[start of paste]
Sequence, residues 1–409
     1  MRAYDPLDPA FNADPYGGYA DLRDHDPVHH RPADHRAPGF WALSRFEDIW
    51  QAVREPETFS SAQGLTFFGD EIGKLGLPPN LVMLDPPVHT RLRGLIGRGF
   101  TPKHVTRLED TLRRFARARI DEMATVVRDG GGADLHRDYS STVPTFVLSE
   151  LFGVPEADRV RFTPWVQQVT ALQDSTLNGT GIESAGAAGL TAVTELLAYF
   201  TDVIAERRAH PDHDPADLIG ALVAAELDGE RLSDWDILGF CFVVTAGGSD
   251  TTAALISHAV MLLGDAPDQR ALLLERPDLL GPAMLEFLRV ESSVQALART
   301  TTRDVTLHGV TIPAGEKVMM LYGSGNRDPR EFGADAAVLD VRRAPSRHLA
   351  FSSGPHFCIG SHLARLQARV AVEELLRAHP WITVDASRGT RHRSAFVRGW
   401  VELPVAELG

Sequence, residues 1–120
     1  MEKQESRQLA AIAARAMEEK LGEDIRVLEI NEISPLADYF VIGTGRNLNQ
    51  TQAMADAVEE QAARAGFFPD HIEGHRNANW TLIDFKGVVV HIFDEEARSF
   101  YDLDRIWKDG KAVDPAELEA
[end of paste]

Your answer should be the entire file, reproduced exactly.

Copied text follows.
Sequence, residues 1–409
     1  MRAYDPLDPA FNADPYGGYA DLRDHDPVHH RPADHRAPGF WALSRFEDIW
    51  QAVREPETFS SAQGLTFFGD EIGKLGLPPN LVMLDPPVHT RLRGLIGRGF
   101  TPKHVTRLED TLRRFARARI DEMATVVRDG GGADLHRDYS STVPTFVLSE
   151  LFGVPEADRV RFTPWVQQVT ALQDSTLNGT GIESAGAAGL TAVTELLAYF
   201  TDVIAERRAH PDHDPADLIG ALVAAELDGE RLSDWDILGF CFVVTAGGSD
   251  TTAALISHAV MLLGDAPDQR ALLLERPDLL GPAMLEFLRV ESSVQALART
   301  TTRDVTLHGV TIPAGEKVMM LYGSGNRDPR EFGADAAVLD VRRAPSRHLA
   351  FSSGPHFCIG SHLARLQARV AVEELLRAHP WITVDASRGT RHRSAFVRGW
   401  VELPVAELG

Sequence, residues 1–120
     1  MEKQESRQLA AIAARAMEEK LGEDIRVLEI NEISPLADYF VIGTGRNLNQ
    51  TQAMADAVEE QAARAGFFPD HIEGHRNANW TLIDFKGVVV HIFDEEARSF
   101  YDLDRIWKDG KAVDPAELEA